OPENING CALL: The Australian share market is expected to open higher. The SPI200 futures contract expected to open up 29 points.
U.S. negotiators offered to slash existing tariffs on Chinese imports and cancel new levies if Beijing agrees to boost purchases, intellectual-property protection and increase access to China’s financial-services sector.
Facebook will pay $130 million to establish an independent board charged with reviewing the company’s content moderating, providing long-term backing to its experiment in better policing the platform.
Each Market in Focus
Australian shares reversed the previous session’s gains, as the heavily-weighted big banks led broad losses.
The S&P/ASX 200 settled 0.7% lower at 6708.8, and is now little changed so far this week. Only the materials subindex advanced, edging up 0.1%. The four big banks lost ground, with Westpac down 1.2% after it held its annual general meeting in the wake of a money-laundering scandal.
Telstra dropped 2.1%, weighing on the telecom sector. Bucking the trend, Charter Hall gained 4.7% after lifting its earnings guidance and unveiling that it had spent A$1.25 billion on acquisitions.
The Dow Jones Industrial Average rose 197 points, or 0.7%. The S&P 500 gained 0.7%, while the Nasdaq Composite advanced 0.5%.
All three indexes hit intraday records after Mr. Trump’s tweet, before paring gains. The S&P 500 was on track to close at a new all-time high.
The president’s comments came ahead of a Sunday deadline when a fresh round of tariffs are set to go into effect on roughly $156 billion of Chinese goods.
Gold prices ended lower as President Donald Trump’s tweet that a trade deal with China is near rallied the stock market, dulling demand for the haven metal.
Oil futures settled higher, nearly recouping all losses from a day earlier, following a tweet from President Donald Trump that hinted the U.S. was close to a trade deal with China.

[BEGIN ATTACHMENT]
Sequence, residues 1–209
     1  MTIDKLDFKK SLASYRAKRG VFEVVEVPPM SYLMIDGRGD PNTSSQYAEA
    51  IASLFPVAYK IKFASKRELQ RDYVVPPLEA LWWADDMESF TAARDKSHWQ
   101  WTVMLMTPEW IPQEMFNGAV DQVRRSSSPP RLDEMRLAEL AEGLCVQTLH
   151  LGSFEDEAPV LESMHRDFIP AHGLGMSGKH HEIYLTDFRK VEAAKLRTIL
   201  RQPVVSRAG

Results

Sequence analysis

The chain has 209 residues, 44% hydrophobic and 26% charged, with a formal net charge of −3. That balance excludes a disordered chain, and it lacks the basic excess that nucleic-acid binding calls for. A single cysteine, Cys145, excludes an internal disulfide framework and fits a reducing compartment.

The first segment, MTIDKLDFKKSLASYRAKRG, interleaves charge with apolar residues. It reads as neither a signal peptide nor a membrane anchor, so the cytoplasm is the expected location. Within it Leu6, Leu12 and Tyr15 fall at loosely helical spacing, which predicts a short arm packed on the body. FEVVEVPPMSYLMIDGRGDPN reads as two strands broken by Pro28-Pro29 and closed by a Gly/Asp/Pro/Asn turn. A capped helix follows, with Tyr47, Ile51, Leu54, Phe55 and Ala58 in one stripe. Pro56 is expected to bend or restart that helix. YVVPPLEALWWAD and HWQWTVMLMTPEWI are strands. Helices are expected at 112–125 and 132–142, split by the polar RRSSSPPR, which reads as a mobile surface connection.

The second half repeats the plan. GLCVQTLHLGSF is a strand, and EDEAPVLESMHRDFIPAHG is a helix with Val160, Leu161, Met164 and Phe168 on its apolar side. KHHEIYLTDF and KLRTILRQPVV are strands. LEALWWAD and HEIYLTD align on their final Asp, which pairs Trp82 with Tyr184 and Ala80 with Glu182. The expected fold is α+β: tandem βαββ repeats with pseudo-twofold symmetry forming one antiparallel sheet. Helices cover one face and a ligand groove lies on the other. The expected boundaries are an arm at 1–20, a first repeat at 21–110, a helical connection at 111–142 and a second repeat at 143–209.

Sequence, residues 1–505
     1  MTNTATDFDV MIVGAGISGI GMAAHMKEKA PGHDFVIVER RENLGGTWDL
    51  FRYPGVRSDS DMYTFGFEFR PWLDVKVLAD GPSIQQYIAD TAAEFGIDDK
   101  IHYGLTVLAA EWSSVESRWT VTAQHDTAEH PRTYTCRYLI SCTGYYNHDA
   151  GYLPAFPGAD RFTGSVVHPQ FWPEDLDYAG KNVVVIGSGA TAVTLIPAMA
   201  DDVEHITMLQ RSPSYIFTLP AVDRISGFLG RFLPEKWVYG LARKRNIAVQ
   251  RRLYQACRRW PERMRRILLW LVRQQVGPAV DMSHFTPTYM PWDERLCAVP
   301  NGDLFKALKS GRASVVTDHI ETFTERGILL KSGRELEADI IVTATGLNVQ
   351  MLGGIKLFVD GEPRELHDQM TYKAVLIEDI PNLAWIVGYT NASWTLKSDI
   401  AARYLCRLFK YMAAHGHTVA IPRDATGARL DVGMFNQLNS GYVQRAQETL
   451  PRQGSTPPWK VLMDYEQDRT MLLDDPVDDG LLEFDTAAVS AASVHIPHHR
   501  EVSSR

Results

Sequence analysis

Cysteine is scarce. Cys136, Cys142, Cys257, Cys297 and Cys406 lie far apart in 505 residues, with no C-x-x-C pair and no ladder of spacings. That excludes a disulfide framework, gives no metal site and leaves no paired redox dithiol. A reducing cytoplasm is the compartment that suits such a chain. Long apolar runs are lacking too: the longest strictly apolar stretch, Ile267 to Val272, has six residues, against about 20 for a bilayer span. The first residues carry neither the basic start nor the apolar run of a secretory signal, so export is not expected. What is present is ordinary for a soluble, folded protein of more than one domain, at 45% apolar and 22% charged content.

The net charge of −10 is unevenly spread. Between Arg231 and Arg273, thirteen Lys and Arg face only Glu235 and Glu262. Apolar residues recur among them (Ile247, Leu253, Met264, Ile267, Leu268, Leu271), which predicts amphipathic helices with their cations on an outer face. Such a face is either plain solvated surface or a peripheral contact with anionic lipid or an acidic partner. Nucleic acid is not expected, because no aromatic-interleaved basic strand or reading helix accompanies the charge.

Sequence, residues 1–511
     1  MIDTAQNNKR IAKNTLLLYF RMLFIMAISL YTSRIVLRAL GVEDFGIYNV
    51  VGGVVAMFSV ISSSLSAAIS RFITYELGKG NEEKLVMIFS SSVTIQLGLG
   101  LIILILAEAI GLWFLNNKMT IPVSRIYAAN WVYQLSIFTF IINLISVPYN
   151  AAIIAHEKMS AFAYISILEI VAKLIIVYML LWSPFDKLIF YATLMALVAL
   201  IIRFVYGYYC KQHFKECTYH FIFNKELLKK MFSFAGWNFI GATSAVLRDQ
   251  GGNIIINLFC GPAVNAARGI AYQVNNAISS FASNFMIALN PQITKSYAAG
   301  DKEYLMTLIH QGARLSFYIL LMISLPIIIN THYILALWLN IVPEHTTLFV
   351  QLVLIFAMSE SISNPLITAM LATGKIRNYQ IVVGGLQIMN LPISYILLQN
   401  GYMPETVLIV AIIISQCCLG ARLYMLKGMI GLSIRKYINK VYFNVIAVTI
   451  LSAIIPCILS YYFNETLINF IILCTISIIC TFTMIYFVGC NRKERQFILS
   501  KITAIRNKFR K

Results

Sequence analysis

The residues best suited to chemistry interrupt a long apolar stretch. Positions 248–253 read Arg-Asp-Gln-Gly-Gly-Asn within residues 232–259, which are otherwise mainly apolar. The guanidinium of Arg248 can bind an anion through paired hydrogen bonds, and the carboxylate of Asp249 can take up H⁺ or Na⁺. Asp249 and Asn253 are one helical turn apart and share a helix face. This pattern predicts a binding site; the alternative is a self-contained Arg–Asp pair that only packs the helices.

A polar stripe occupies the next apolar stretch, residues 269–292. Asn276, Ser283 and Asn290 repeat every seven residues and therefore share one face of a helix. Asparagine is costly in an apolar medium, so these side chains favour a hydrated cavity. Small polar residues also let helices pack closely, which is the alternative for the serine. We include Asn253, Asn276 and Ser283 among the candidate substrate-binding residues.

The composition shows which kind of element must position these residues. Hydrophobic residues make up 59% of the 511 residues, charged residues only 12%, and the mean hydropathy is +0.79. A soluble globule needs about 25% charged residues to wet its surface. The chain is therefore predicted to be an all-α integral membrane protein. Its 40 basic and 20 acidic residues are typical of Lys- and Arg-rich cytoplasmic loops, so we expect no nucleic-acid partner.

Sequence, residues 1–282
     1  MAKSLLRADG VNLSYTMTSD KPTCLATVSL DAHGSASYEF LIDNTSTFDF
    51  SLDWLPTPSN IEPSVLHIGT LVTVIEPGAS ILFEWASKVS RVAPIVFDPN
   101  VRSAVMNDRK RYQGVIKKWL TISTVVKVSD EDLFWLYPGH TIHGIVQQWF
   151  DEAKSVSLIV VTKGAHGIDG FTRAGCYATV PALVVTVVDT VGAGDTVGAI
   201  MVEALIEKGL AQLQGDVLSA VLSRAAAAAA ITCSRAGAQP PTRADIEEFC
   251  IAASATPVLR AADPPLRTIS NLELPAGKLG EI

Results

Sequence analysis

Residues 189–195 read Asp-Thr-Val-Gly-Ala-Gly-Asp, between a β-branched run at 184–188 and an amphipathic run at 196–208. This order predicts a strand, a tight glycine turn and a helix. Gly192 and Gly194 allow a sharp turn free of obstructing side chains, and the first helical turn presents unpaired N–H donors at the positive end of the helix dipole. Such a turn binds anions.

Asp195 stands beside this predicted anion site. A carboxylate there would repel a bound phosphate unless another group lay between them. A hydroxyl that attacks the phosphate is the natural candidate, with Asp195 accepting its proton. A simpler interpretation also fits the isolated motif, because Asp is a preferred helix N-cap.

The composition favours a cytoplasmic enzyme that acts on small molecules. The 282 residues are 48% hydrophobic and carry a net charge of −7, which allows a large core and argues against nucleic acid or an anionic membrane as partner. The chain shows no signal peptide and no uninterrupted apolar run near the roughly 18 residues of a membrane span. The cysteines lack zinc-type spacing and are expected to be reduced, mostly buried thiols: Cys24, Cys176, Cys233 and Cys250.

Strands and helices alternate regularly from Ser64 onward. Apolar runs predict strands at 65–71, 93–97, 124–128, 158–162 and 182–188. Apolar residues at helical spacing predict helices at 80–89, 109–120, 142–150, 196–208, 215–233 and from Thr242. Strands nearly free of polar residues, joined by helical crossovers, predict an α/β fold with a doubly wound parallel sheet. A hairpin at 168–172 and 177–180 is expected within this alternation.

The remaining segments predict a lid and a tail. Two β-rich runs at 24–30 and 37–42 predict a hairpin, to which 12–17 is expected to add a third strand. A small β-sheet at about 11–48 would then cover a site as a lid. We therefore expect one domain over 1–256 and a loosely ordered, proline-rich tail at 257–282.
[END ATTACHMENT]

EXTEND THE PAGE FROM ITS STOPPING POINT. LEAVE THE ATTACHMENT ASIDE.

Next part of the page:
West Texas Intermediate crude for January delivery picked up 42 cents, or 0.7%, to settle at $59.18 a barrel on the New York Mercantile Exchange, after trading as high as $59.72.
EUR/GBP rises 0.4% to 0.8473, having earlier hit a one-week high of 0.8493, while GBP/USD declines 0.5% to 1.3132.
The WSJ Dollar Index, which measures the U.S. currency against a basket of 16 others, edged higher to 90.35 from 90.27 Wednesday.
The FTSE 100 gained 0.8%, outpacing other European markets, while the pound fell 0.9% against the dollar.
Politicians in both the major political parties are signaling an end to years of constrained fiscal policy as the country prepares to exit from the European Union, and the vote results will play a crucial role in determining the course of Brexit.
Meanwhile, the European Central Bank under its new President Christine Lagarde left interest rates unchanged at minus 0.5%, a day after the U.S. Federal Reserve also held rates steady. The benchmark Stoxx Europe 600 gained 0.3%.
Hong Kong stocks ended higher following the U.S. Fed’s indication it could tolerate higher inflation, which may help keep global rates low and support Hong Kong’s stock market. The Hang Seng Index closed 1.3% up at 26994.14.
Japanese stocks end mixed, helped by gains in electronics stocks, while financial stocks weighed. Financial stocks fell after the Fed signaled it was unlikely to raise rates soon. Nomura Holdings dropped 1.0%. Nikkei Stock Average ended up 0.1% at 23424.81, while the broader market index Topix ended down 0.1% at 1712.83
South Korean shares ended the session higher as construction companies and electronic makers buoyed the market. The benchmark Kospi closed 1.5% higher at 2137.35.
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